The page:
LIVE: Red Molly @ Crandall Library, 4/22/10

Red Molly

Saving the best for last, Red Molly closed out the Crandall Library’s spring Folklife Concert Series to a SRO crowd Thursday night. Red Molly members Laura MacAllister (on guitar and banjo), Abbie Gardner (dobro) and Carolann Solebello (guitar) opened the show with the rollicking Gillian Welch murder ballad, “Don’t You Call My Name,” which had the audience smiling, dancing and grooving in the their seats.

There was no need for any librarians to hush this rapt audience as the three-part harmonies awed the crowd. Songs would come to an end as whispers of “Oh, yeah” and approving moans could be heard before the applause would rise. Between songs, the proud Adirondack audience members would occasionally shout out facts of the area to the band members. Straight-faced, MacAllister quipped, “Really, this is the Adirondacks? I just love your chairs!”

Influenced by the likes of Gillian Welch, Steve Goodman and George Wirth, the fab folk threesome performed cover tunes by these artists, in addition to self-penned numbers and traditional Americana songs about coal mining and unions.

Red Molly remains a proudly independent trio, not under contract to any major label. They want to have the control to select pieces of their own choosing. To promote their third CD, “James,” the group is offering the disc at a “pay-what-you-want” price. The aim is to have so many happy listeners that Oprah and Ellen will be begging them to appear on their TV programs.

The CD is holding steady at #10 on the Americana Charts and #2 on the Roots Music Report, so it probably won’t take them long to make their television debut. MacAllister’s voice can already be heard singing the theme song on Folgers coffee commercials.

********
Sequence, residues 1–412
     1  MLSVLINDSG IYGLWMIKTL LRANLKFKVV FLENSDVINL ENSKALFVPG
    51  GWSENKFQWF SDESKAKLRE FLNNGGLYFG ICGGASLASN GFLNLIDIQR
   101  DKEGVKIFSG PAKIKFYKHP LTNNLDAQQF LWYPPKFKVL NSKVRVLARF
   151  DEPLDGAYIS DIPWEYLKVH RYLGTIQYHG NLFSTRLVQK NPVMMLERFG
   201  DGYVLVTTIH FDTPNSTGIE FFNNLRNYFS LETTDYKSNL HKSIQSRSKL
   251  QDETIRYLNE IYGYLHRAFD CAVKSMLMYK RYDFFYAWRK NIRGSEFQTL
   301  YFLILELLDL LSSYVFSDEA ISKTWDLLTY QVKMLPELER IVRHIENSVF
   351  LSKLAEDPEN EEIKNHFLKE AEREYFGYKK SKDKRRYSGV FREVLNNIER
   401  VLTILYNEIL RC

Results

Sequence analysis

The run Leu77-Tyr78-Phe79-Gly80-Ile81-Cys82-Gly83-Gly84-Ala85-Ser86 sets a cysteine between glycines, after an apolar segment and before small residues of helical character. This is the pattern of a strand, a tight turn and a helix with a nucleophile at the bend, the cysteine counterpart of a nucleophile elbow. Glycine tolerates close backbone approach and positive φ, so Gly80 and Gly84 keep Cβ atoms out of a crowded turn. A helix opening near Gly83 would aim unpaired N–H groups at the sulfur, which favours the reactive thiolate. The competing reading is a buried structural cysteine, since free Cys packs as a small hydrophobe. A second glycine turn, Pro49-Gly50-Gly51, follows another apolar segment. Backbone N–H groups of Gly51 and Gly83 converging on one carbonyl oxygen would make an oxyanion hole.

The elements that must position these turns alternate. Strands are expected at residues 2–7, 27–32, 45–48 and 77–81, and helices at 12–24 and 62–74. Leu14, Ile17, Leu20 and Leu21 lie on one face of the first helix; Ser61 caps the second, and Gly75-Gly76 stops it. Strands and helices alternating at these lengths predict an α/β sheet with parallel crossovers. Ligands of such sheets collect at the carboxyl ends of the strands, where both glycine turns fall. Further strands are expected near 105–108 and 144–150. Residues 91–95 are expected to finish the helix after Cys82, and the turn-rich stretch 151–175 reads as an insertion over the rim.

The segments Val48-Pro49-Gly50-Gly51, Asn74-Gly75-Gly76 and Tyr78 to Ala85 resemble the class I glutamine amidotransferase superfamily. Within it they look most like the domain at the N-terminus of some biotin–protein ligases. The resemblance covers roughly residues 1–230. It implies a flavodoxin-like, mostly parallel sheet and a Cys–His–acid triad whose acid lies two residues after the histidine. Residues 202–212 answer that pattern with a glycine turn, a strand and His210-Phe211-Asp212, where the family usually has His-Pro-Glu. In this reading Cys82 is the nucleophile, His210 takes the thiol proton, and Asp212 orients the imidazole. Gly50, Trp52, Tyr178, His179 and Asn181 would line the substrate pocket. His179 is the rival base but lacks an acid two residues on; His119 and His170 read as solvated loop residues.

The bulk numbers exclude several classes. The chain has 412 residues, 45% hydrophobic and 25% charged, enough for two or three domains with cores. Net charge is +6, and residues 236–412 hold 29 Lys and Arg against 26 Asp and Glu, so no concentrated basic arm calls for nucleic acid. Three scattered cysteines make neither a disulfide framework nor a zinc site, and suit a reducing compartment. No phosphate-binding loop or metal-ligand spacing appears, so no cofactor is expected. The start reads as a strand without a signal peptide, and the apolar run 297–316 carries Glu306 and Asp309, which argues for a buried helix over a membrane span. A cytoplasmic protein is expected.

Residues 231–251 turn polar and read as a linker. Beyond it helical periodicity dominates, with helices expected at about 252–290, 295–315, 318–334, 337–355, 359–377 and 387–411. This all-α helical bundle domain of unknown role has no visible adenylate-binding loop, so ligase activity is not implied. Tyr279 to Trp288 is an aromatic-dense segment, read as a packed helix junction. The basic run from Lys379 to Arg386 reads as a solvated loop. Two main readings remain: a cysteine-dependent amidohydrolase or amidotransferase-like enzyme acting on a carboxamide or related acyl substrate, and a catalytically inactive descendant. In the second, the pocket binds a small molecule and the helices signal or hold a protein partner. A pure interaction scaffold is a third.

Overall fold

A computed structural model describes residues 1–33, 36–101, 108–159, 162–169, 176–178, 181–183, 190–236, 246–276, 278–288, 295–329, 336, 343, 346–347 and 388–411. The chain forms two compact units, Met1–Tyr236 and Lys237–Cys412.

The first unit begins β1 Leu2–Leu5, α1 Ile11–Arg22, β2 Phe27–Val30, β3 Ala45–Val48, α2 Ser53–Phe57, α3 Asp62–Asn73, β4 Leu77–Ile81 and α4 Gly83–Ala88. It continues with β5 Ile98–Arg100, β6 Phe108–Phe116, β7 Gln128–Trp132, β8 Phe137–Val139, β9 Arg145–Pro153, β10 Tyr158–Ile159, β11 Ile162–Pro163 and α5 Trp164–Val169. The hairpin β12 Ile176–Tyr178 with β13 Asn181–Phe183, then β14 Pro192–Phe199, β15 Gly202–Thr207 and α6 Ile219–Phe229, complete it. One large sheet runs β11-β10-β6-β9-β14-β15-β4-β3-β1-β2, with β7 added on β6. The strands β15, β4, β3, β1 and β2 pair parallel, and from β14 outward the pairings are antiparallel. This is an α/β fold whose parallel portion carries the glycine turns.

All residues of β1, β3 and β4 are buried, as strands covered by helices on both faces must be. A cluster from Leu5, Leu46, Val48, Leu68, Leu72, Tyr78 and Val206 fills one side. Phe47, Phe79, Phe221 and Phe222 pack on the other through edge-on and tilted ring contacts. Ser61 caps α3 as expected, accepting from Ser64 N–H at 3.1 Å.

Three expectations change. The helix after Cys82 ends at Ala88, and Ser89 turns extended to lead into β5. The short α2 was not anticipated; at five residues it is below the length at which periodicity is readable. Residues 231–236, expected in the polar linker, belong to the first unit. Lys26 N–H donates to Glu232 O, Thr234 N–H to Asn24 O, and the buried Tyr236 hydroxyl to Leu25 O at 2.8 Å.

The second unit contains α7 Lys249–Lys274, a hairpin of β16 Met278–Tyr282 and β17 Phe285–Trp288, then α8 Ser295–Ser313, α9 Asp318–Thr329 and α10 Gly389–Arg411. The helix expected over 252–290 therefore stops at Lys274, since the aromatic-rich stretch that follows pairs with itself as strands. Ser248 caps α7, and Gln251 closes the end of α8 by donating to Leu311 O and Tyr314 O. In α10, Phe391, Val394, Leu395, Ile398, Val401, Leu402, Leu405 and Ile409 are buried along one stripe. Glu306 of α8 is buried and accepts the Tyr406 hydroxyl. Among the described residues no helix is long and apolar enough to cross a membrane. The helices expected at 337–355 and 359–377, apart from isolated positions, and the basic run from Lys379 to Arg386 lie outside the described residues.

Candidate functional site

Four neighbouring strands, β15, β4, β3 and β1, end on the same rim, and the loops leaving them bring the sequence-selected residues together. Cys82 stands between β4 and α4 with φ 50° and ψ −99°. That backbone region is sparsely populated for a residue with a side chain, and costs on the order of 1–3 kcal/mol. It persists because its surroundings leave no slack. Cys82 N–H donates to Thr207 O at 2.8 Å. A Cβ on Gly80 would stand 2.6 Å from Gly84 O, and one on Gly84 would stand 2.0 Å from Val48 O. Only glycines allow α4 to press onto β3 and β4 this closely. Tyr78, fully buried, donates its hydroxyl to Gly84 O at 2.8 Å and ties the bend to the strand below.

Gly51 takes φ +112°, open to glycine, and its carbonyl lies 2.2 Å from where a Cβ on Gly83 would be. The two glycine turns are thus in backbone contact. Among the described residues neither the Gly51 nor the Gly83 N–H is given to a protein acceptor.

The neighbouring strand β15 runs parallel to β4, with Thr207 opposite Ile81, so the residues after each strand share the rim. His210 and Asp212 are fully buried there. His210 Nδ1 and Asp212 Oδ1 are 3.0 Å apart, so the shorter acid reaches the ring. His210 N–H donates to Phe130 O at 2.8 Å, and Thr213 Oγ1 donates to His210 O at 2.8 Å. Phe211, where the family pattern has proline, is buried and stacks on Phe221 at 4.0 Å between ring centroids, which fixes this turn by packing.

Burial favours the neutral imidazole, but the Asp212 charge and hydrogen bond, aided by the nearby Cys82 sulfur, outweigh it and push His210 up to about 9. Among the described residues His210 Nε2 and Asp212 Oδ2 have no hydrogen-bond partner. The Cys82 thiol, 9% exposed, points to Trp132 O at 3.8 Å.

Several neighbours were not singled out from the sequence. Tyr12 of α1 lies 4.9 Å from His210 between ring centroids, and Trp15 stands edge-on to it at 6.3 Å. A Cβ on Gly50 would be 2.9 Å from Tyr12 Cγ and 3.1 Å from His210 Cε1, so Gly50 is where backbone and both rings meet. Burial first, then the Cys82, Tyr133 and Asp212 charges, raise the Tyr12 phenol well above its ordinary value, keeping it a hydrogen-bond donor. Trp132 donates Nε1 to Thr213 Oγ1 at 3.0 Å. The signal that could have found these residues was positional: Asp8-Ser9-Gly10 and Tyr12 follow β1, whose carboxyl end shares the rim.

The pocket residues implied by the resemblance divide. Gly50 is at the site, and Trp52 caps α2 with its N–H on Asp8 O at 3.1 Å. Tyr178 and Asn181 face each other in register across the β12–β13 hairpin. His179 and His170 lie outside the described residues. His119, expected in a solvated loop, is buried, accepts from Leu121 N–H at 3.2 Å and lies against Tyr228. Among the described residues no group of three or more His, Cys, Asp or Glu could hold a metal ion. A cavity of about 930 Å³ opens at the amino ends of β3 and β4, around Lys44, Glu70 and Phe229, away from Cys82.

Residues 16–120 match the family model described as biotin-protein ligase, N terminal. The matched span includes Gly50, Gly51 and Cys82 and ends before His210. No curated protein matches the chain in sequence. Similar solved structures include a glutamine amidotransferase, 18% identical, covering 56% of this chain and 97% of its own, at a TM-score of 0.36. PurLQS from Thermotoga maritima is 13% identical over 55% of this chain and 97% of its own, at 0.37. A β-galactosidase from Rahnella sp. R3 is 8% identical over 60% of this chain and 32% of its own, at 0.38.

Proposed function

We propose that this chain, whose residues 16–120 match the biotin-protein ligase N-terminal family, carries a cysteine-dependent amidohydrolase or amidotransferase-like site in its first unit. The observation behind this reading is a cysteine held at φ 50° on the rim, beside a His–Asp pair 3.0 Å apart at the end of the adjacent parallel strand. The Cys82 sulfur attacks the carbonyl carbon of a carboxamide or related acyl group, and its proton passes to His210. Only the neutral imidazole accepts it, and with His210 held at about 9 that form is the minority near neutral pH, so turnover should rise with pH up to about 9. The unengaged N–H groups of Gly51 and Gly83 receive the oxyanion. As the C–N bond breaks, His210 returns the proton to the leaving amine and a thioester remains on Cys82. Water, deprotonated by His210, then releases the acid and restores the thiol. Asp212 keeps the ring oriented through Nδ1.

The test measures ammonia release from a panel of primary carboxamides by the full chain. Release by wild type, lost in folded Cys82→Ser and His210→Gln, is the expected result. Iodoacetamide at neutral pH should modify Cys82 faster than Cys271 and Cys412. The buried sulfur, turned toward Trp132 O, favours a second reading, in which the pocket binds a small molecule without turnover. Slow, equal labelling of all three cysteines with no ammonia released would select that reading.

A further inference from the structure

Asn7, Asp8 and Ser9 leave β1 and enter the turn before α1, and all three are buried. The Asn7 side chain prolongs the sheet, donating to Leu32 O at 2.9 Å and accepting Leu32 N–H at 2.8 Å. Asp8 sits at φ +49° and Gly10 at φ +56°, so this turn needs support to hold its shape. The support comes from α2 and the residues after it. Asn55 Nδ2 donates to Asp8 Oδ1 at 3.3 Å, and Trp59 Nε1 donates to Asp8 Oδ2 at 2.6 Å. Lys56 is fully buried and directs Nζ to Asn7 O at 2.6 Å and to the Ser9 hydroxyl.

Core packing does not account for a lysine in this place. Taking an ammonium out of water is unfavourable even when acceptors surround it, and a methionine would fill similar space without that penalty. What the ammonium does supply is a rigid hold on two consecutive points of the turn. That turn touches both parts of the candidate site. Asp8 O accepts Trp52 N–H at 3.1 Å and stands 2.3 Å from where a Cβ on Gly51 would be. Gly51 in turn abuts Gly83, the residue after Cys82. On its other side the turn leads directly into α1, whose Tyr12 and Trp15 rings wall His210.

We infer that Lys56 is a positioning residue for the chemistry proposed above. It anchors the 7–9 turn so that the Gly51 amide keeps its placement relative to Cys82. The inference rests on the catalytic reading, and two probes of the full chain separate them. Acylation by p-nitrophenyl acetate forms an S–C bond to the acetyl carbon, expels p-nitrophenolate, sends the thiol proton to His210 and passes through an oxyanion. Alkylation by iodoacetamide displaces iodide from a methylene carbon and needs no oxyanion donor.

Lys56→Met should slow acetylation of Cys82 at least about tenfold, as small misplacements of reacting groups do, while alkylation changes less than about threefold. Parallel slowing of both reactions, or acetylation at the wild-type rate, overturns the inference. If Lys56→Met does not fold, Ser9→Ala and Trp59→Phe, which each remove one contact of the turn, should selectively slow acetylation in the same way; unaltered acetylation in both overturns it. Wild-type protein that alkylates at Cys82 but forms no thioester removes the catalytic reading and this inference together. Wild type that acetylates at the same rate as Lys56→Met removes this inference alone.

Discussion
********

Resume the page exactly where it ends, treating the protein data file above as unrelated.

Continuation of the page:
While the ladies pay homage to their musical influences, crisp, tight vocals, the slide of the dobro and meaningful lyrics make Red Molly’s original music well worth the listen, too. Inspired by the book, “Secret Life of Bees,” their song “Honey on My Grave” has the flavor of traditional music and the spice of fresh, new arrangements of their own unique sound. “Beaumont Rest Stop” tells the tale of a daughter returning home after a long absence. “Jezebel” is a story warning of the hazards of falling in love with the girls in a bar.

Yes, Red Molly played the last in the series at the Crandall Library in Glens Falls, but don’t fret. They’re coming back to the northeast this summer. Just grab your favorite Adirondack chair and head to one of these locations: Tuesday, July 20 at Stony Creek Town Park or Wednesday, July 21 at Shepard Park in Lake George. Both shows are slated to take place outdoors, and admission is free.

Review by Cheryl Jenks
Photographs by Andrzej Pilarczyk

Don’t You Call My Name (Welch)
Beaumont Rest Stop (MacAllister)
Old Dancing Fool (Wirth)
Gulf Coast Highway (Griffith, Flowers, Hooker)
Foreign Lander (Traditional)
Honey On My Grave (Gardner)
Lookin For Trouble (Goodman)
Coal Tattoo (Wheeler)
Can’t Let Go (Weeks)
Black Flowers (Miles)
Jezebel (Gardner)
Poor Boy (Byrd)
Tear My Stillhouse Down (Welch)
Falling In (Armerding)
The Last Call (da Costa)
End of the Line (Wills, Gimble)

Red Molly

Red Molly

1 Comment
  1. rebecca shepard says

    Really good review – thorough but concise, and captures a sense of their energy.
    Good pics, too.

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